NECSI Resources

 International Conference on Complex Systems (ICCS2007)

A Newly Identified HIV Dynamics Effect That Is A Key To HIV Control Is Reflected By Readily Observable Sequence Relationships

James Koopman
University of Michigan

Ethan Romero-Severson
Dept. of Epidemiology, University of Michigan

Jong-Hoon Kim
Dept. of Epidemiology, University of Michigan

     Full text: Not available
     Last modified: July 29, 2007

Behavior fluctuations in the number of risky contacts, type of risk, and the population in which contacts are made are shown to have surprisingly strong effects on endemic levels of HIV infection, on the potential for any intervention to control HIV transmission, and on the relative effectiveness of different HIV control programs. These effects arise because of the high transmissibility of HIV during very early infection. The effect on endemic levels of infection is similar in nature to some contact network effects identified as affecting HIV transmission. This behavior fluctuation effect, however, is more powerful and more likely to be acting in diverse populations. The effects on control program outcomes are complex and although they are not intuitive, they are readily explainable. Strong interactions in generating these control program effects arise between degree of risk fluctuation, timing of fluctuations, contact patterns, and endemic infection levels. The same forces that generate these effects alter the shapes of infection transmission trees. Thus, information on these effects can be extracted from genetic sequences. Fortunately inferences only require distance measurements between cases and identification of whether sequences were obtained from early infection or not. Thus the difficulties in inferring phylogenetic relationships for HIV are avoided and genetic patterns, such as those published recently from Montreal, show great promise in guiding effective HIV control. Inference robustness assessment methods involving switching between various non-linear model forms will enhance the information that can be extracted from HIV sequences.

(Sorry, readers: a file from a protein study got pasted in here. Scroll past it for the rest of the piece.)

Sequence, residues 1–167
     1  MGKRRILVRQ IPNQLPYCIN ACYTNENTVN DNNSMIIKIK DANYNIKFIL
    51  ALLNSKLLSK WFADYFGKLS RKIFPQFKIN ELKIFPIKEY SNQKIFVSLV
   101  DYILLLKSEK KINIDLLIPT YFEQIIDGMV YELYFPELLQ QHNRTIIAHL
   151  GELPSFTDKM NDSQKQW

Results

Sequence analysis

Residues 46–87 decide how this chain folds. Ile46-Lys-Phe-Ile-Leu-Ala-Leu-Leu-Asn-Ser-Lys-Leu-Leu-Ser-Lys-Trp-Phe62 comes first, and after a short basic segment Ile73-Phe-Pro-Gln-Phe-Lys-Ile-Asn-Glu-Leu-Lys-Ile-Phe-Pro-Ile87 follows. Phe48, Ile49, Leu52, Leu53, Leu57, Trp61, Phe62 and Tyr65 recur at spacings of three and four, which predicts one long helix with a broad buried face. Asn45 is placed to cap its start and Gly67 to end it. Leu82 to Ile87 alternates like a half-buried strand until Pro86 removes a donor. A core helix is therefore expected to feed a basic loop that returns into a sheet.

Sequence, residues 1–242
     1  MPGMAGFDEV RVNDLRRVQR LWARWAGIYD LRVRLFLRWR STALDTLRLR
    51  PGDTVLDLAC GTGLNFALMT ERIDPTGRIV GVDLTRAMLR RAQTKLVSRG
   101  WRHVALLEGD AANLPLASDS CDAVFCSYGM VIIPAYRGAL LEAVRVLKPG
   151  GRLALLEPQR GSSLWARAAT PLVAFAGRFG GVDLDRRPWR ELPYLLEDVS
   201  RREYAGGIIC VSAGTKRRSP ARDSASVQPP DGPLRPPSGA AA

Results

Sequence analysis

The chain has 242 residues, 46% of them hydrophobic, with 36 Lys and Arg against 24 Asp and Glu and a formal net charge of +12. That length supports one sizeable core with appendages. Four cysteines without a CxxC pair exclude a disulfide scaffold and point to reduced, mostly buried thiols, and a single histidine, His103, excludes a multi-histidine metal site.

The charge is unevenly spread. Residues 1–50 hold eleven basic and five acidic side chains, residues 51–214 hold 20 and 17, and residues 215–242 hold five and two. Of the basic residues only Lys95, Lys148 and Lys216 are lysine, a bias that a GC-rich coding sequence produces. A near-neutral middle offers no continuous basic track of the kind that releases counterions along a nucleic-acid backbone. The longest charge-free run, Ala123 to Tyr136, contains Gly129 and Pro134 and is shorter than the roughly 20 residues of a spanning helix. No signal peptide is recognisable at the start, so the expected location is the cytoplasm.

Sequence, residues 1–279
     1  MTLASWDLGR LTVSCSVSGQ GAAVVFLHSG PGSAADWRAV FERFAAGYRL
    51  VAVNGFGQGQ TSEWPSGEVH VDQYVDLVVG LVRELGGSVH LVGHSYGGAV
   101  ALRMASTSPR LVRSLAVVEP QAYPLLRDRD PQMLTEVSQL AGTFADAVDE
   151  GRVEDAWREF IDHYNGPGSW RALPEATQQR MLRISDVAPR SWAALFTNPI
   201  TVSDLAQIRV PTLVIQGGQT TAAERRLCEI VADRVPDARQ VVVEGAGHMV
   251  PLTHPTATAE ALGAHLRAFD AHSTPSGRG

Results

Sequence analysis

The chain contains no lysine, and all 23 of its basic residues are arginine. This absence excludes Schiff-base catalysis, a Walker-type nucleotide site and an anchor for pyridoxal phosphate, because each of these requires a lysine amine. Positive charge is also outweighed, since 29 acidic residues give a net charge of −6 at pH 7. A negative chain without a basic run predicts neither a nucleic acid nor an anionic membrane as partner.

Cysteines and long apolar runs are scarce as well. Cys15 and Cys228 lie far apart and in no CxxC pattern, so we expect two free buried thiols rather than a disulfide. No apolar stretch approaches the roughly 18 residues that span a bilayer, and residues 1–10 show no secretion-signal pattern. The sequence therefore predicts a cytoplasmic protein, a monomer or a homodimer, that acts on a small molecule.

Maintained by NECSI Webmaster Copyright © 2000-2007 New England Complex Systems Institute. All rights reserved.